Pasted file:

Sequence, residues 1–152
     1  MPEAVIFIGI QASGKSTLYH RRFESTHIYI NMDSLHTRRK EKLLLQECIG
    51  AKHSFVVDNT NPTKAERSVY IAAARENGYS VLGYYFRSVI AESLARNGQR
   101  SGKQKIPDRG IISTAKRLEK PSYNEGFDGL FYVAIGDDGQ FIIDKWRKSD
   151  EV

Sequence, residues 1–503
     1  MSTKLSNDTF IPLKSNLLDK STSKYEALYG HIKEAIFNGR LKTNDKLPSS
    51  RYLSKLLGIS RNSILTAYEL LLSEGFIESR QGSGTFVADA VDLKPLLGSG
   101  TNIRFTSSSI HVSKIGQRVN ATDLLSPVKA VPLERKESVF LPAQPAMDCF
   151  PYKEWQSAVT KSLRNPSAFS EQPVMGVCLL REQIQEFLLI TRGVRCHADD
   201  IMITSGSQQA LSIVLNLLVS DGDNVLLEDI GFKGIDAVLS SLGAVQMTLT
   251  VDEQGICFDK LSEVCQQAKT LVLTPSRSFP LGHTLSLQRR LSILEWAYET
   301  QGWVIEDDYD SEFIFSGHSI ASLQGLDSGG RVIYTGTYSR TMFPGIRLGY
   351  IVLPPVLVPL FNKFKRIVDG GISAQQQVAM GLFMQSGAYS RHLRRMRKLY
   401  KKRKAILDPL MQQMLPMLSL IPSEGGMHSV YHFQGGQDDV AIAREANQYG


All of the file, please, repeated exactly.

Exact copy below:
Sequence, residues 1–152
     1  MPEAVIFIGI QASGKSTLYH RRFESTHIYI NMDSLHTRRK EKLLLQECIG
    51  AKHSFVVDNT NPTKAERSVY IAAARENGYS VLGYYFRSVI AESLARNGQR
   101  SGKQKIPDRG IISTAKRLEK PSYNEGFDGL FYVAIGDDGQ FIIDKWRKSD
   151  EV

Sequence, residues 1–503
     1  MSTKLSNDTF IPLKSNLLDK STSKYEALYG HIKEAIFNGR LKTNDKLPSS
    51  RYLSKLLGIS RNSILTAYEL LLSEGFIESR QGSGTFVADA VDLKPLLGSG
   101  TNIRFTSSSI HVSKIGQRVN ATDLLSPVKA VPLERKESVF LPAQPAMDCF
   151  PYKEWQSAVT KSLRNPSAFS EQPVMGVCLL REQIQEFLLI TRGVRCHADD
   201  IMITSGSQQA LSIVLNLLVS DGDNVLLEDI GFKGIDAVLS SLGAVQMTLT
   251  VDEQGICFDK LSEVCQQAKT LVLTPSRSFP LGHTLSLQRR LSILEWAYET
   301  QGWVIEDDYD SEFIFSGHSI ASLQGLDSGG RVIYTGTYSR TMFPGIRLGY
   351  IVLPPVLVPL FNKFKRIVDG GISAQQQVAM GLFMQSGAYS RHLRRMRKLY
   401  KKRKAILDPL MQQMLPMLSL IPSEGGMHSV YHFQGGQDDV AIAREANQYG